Durbin Says Fiscal Cliff Deal Must Include Debt Ceiling

Senate Majority Whip Dick Durbin (D-IL) talks with reporters after voting on the U.S. Troop Readiness, Veterans’ Health And Iraq Accountability Act at the US Captiol April 26, 2007 in Washington, D.C.

Photograph by Chip Somodevilla/Getty Images.

Illinois senator and No. 2 Democrat Dick Durbin speaking today at the Center for American Progress offered a mostly upbeat talk on the prospects for a fiscal cliff deal but left one huge fly in the ointment—debt ceiling.

Durbin, as befitting a veteran of various Senate “gangs,” spoke at CAP less to rally the progressive faithful than to try to persuade them that if Republicans can be made to give ground on tax revenue that liberals should embrace a grand bargain. Key points were about the evils of the fiscal cliff, the desirability of strengthening entitlements with reform, the possibility of sheltering infrastructure from spending cuts, and the need for a fair share from revenue. Durbin emphasized the potential pliability of many of his Senate Republican counterparts rather than the intransigence of the House Republicans who are actually key to a deal.

And then came a crucial question from Suzy Khimm—would a grand bargain also have to address the debt ceiling?

Durbin didn’t offer a snappy response like “yes” but what he offered was a long-winded and not-very-quotable way of saying yes. That’s in stark contrast to the stance of House Speaker John Boehner who emphasized today that “there is a price for everything,” including a lifting of the debt ceiling.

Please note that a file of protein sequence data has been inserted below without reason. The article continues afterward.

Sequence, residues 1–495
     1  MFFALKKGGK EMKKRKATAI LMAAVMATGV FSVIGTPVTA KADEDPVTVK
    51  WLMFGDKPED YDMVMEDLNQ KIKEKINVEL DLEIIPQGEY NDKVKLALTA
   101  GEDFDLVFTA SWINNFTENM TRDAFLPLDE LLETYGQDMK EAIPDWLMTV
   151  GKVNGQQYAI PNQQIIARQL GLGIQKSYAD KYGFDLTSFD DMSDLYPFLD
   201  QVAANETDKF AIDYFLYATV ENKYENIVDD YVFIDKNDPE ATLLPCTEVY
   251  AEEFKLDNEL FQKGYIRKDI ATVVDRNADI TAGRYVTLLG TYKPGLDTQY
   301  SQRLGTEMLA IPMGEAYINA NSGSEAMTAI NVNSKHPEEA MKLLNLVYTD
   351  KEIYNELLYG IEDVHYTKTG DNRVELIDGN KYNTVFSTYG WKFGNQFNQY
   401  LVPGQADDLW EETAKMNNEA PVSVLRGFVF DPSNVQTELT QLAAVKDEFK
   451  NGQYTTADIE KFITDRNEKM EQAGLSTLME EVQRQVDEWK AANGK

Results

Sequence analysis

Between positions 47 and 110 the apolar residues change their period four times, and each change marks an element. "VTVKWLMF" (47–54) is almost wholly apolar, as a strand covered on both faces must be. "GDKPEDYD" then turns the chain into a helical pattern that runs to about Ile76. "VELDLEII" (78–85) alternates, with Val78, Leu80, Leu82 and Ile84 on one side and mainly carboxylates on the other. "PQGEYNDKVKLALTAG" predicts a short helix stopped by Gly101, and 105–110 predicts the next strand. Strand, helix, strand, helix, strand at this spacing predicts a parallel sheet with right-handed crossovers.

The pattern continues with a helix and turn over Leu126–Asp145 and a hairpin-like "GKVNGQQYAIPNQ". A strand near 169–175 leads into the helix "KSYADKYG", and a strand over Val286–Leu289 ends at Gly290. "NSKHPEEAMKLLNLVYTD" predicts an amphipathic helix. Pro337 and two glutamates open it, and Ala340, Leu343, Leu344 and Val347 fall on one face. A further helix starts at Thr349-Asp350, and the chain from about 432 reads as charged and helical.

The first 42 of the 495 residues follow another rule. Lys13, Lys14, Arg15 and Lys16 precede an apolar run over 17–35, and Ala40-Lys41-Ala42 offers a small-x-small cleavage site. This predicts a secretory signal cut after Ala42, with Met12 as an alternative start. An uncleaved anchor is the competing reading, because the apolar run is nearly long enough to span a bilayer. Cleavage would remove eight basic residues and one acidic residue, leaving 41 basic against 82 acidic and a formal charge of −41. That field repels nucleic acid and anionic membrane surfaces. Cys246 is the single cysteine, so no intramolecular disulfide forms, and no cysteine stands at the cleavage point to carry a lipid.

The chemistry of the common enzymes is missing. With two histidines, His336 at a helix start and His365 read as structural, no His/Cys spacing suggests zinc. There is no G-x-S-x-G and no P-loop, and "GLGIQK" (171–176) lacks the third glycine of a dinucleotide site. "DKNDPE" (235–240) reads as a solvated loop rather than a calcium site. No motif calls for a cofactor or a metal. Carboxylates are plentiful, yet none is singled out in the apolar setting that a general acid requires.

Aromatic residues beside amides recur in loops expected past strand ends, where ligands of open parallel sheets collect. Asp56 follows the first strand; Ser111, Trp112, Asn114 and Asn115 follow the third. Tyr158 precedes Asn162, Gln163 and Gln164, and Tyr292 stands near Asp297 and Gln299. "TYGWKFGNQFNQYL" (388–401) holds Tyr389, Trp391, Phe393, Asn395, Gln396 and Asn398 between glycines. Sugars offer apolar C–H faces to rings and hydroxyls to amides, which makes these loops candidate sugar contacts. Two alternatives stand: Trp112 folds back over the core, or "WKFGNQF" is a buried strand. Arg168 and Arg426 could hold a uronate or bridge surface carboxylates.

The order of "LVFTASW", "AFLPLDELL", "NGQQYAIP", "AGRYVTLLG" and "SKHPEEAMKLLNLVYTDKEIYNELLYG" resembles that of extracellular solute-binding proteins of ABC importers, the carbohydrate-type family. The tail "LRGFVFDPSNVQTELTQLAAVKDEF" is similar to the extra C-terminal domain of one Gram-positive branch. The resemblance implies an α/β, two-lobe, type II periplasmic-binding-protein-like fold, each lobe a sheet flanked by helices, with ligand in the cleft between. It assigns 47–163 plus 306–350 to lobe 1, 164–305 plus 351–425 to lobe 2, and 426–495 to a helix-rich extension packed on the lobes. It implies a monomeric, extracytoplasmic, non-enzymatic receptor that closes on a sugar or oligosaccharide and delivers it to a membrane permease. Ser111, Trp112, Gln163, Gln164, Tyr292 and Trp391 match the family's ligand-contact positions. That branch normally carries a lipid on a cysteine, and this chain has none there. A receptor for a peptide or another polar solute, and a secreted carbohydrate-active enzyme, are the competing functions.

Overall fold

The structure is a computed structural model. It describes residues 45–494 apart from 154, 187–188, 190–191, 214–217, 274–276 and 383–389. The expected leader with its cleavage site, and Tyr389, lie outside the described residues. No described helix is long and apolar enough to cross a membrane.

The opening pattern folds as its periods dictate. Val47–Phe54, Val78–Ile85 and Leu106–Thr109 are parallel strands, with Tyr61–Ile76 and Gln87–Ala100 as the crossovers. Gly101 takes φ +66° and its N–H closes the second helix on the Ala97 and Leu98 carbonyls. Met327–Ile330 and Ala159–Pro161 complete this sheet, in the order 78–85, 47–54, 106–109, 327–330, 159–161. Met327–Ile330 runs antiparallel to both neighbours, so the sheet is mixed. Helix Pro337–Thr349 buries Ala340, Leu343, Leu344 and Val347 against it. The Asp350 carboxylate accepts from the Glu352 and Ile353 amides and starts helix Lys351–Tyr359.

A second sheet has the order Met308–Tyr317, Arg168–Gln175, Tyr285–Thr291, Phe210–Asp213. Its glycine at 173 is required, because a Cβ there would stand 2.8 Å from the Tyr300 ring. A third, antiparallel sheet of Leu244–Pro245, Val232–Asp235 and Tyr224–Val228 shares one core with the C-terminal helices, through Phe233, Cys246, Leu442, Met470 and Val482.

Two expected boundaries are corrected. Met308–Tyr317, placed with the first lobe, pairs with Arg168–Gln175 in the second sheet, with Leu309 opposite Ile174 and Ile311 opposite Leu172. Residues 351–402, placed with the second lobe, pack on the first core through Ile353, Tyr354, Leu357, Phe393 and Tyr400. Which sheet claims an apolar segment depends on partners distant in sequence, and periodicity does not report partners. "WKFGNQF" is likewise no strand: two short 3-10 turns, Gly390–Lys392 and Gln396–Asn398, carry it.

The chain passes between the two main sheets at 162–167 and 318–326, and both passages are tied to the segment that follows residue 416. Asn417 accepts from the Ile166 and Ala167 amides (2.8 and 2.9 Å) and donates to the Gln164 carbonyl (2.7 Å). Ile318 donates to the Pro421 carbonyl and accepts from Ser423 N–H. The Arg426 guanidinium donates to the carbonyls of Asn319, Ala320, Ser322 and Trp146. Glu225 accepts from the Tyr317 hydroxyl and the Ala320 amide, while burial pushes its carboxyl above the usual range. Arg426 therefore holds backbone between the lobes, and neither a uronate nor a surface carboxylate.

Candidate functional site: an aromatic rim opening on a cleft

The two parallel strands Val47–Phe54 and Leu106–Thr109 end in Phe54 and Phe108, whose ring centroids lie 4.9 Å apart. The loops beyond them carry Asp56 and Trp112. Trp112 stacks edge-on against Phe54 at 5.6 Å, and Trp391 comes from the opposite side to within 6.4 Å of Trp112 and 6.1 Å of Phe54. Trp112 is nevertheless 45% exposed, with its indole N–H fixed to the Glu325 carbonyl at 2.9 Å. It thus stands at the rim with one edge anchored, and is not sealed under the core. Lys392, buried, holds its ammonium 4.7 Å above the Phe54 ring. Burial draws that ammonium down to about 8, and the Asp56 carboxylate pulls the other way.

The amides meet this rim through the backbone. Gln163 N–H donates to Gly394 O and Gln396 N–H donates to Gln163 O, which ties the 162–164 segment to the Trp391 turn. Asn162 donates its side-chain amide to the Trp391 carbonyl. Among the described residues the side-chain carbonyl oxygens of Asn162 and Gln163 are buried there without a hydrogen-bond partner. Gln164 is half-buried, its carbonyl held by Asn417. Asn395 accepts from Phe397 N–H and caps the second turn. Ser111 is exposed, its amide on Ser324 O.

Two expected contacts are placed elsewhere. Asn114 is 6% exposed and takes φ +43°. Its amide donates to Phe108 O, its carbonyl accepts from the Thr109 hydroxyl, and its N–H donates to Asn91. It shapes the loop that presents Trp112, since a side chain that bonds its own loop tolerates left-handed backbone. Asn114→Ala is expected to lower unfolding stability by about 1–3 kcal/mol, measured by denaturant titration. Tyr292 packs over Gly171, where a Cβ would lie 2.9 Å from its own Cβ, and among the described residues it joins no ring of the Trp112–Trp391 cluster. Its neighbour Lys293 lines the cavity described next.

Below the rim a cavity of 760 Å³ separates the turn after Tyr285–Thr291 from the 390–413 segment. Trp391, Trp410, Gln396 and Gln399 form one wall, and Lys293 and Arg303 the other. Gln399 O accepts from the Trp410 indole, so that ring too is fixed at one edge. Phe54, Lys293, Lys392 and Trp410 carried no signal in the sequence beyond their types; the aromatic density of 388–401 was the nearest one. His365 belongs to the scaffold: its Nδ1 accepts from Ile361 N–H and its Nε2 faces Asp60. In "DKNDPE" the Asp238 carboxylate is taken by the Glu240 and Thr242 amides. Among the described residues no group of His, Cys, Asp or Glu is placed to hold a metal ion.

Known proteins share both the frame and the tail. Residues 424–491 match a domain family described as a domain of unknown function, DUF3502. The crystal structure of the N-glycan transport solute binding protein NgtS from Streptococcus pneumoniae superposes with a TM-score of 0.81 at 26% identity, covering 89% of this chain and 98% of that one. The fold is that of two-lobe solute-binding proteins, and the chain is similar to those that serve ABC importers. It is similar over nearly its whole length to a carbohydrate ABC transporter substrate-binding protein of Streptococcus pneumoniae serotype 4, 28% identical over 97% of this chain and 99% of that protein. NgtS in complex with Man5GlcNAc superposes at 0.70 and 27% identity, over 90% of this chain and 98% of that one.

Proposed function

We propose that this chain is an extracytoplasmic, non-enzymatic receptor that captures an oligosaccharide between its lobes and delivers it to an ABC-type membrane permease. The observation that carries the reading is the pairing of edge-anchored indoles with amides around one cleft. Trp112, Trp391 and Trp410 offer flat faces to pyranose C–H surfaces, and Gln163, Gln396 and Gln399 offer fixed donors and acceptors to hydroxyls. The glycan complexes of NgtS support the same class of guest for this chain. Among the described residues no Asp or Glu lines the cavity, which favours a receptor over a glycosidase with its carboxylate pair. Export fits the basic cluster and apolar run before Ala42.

This isn’t a subtle difference. The debt ceiling has long been an opportunity for some hypocritical posturing, but last year House Republicans weaponized it. And now it’s the most dangerous object in the American economy and far too potent for any party leader to simply forget it’s out there. A “fiscal cliff” deal that deals with the debt ceiling in a big way—ideally by totally scrapping it—would accomplish something important that’s unrelated to weird obsessions about the long-term budget. But a “fiscal cliff” deal that doesn’t address the debt ceiling is basically worthless. Far from averting a crisis, it would simply lay the groundwork for a new crisis after having exhausted party bases appetite for compromise.

Ideally before wasting a ton of time negotiating the content of a fiscal cliff deal, legislators would talk about its scope. Whether the bargaining includes the debt ceiling or not is crucial, and leaving it out there as a footnote to be decided later is very misleading.